251

3 9 .5
4 0.0
39 .5
39.0

55.50
56.00
55.50
53.00

_
-

_
-

-

-

766
556
106
42
2 82

3 9.5
40.0
39.0
4 0.0
41 .0
38.0

59.00
63.00
58.00
60.00
60. 50
56.50

_
_

_

-

-

1,704
317
1,387
115
198
789

3 9.5
4 0.0
39.5
40 .0
4 0 .5
39.0

51.00
59.00
49.50
52.50
49.50
47.50

_

10

-

10

_

_

21

10

47
205

Tabulating-m achine o p era tors _ ____ ____ __ ____
Nonmanufacturing ____
____ __ __ „
____
____ ____
F in a n c e !! __ ____ — — — —
T ran scribin g-m ach in e o p e ra to rs , general _ _________
M anufacturing — __ __ „ __ __ __ __ __
Nonmanufacturing _______ __ ________ __ ________
F in a n c e !! _
__
__
__ __
__ __
T yp ists, c la s s A _______________________________________
______ ____ __
„
Manufacturing __ ____
Nonmanufacturing
______ __ __ ___ ________
Pu blic u t ilit ie s ! _____ ______________ ____ „
R etail trade _ __
F in a n c e !! _
__ __ _ __ __ __ „ __ ________
T yp ists, cla s s B _______________________________________
______ __ __
__ __
Manufacturing ____ __ __
Nonmanufacturing ___ __ ____
____ __ ______
P ublic u tilit ie s ! _____ ____ ____ ___________
Retail t r a d e ____
__
__ __
F in a n c e !! __ ____ __
__ __ __ __
__ __

1
2
t
tt

210

6 8 .0 0

11

_
11

18
2
16

162

_
4
7

_
3
4

91
9
82

253
24
229
36
27

260
44
17

102

122

14
14

10

46
5
-il
9
4
19

40
15
25

23
15

30
16
14

10

1

1

1

1

_
9

_

_

2

2

40
15
25

11

-

1

1
1

15
7

-

-

8

19
35

_

_

_

_

_

-

-

-

-

-

3
3
_
3

28
28
_
13
-

65
65
20

77
4
73
3
13

50
5
45
3
17

*

1

10

17

17

106
32
74
3
15
16

45

68

8

28
40
9
3
15

3
3
3

2
2
1

17
17
14

13

3

39

65

87

6

6

6

33
28

59
59

81
72

65
5
60
44

3
3
3
-

52
5
47

230
6l
169
17

_

_
_
_
_
-

_
_
_
_
-

12

_
_
-

_

_
-

_
_
-

.

_
.

5
_
5
-

309
5
304

21

2

15
_
_
15
12
12

26

61

35
26
1

22
11

18
20
20

_
_

76
28
24 --------5“
52
23
2
15
4
2
12
9
15
15
_
_

1
1

_
_

11

9
2

_
1

_
_
_
_

-

-

5

1

_
_
_

_

-

-

-

-

-

8

15
3

19

12

11

1

-

13
-

1
1

1
1

_

_
-

-

_
_

-

-

-

~

28

2

_

10

8
20
2

-

2
2

2
2

_
-

_
-

11

_
-

4
4
4
_
-

.
_
_
-

8
8
1

9

6

6

8

4

_
_

-

1

4
-

2
1

3

67
23
44
31

23
_
23
14

23
_
23
3

_
-

5

_
-

186
41
145
30

129
35
94
29

78
5
73
13

29
18

53
39
14
_

37
_
9
2

5
8

8

24
14
10

_
2
8

11

9

_

1

4

1
1

_
-

_
-

_

_
_

11

----- 6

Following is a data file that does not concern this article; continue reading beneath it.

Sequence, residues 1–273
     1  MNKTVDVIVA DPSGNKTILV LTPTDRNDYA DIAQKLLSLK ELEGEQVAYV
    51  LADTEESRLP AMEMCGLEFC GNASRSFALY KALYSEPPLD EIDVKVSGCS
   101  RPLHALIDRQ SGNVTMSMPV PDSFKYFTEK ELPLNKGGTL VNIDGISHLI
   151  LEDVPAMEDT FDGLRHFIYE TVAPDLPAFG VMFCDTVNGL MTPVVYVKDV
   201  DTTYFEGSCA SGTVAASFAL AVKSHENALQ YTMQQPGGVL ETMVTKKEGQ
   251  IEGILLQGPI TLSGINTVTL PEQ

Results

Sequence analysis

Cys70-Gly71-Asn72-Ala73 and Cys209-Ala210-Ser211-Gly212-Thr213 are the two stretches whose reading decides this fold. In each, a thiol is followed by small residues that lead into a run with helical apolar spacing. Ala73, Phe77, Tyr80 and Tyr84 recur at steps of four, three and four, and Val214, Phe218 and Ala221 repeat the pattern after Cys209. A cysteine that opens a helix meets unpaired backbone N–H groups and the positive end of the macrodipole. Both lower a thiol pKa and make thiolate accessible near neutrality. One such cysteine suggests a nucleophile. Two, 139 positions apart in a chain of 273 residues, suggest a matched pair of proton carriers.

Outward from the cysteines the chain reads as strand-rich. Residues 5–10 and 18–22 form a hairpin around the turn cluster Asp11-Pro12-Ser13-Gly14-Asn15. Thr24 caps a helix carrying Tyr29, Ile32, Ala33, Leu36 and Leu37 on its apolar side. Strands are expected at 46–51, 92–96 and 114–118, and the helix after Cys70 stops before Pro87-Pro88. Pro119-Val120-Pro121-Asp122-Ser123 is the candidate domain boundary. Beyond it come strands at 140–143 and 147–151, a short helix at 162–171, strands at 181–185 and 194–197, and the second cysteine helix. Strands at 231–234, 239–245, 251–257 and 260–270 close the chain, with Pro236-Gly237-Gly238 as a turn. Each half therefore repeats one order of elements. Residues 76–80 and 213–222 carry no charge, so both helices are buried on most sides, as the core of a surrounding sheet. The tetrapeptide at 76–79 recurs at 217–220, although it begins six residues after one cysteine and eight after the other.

5
_
_
5
-

3
3
_

_
_
_

_

9

13
10

_
_
_

_
7

1

33

*
_
>
-

-

_
-

_
_
-

.
_
_
_
-

-

1
1

_

_

*

_
-

-

_
-

_
-

_
-

_
-

_
-

-

-

-

-

-

-

-

“

-

-

-

_

5
5
_

_

_
_

-

_

.

_
_

_

.

_

_

_

_
-

2

2

22

11

9
_

_

_

23

107

84

31

30

-

7

-

-

-

-

-

-

-

596
43
553
35
51
377

364
52
312
25
40
156

136
29
107
19
37
26

173
125
48

73
46
27
3
_

37
13
24
4
_

4
4

_

_

_

_

-

_
-

_

-

2
-

-

-

-

-

-

-

-

-

_

-

-

_

-

-

-

-

8
2

6

13
25

11

Standard hours r eflect the workweek for which em ployees receive tneir regular straigh t-tim e salaries and the earnings correspond to these weekly hours.
W orkers were distributed as follo w s: 33 at $ 1 .1 5 to $ 1 .2 5 ; 14 at $ 1 .2 5 to $ 1 .3 5 ; 11 at $ 1 .3 5 and ove r,
Transportation (excluding r a ilro a d s), com m unication, and other public u tilities.
Finance, insurance, and real estate.




61

117
44
73

2
2

_

_

.

6
T ab le A - 2 :

P rofessional a n d Tech nical O c c u p a t io n s

(A verage straigh t-tim e w eekly hours and earnings fo r selected occupations studied on an area ba sis
in D allas, T ex. , by industry division , O ctober 1957)
Ave IAQ»
S ex, o c c u p a t io n , and in d u s tr y d iv is io n

Number
of
workers

NUMBER OF WORKERS RECEIVING STRAIGHT-TIME WEEKLY EARNINGS OF—

$
$
S
$
$
$
$
S
$
S
$
$
$
$
$
%
E----------!s
Weeklyi
Weekly j 5 0. 00 5 5. 00 6 0 . 0 0 I s . 0 0 7 0 .0 0 7 5. 00 8 0 . 0 0 85. 00 9 0 . 0 0 9 5 . 00 1 0 0 . 0 0 105.00 1 1 0 . 0 0 1 1 5 .00 1 2 0 . 0 0 1 25 .00 130.00 1 35.00|140.00
earnings
(Standard) (Standard) uncTer
~
“
“
“
“
1
5 5..00 6 0. 0 0 6 5 .0 0 70. 00 75. 00 8 0. 0 0 8 5. 00 9 0. 00 9 5. 00 1 0 0 . 0 0 105.00 1 1 0 . 0 0 1 15.00 1 2 0 . 0 0 1 25 .00 1 30 .00 135 .00 140.001145.00

s
s
145.00 150 .00
and
over

I
150 .00

M en

149
96
53

41. 0
40. 0
43. 0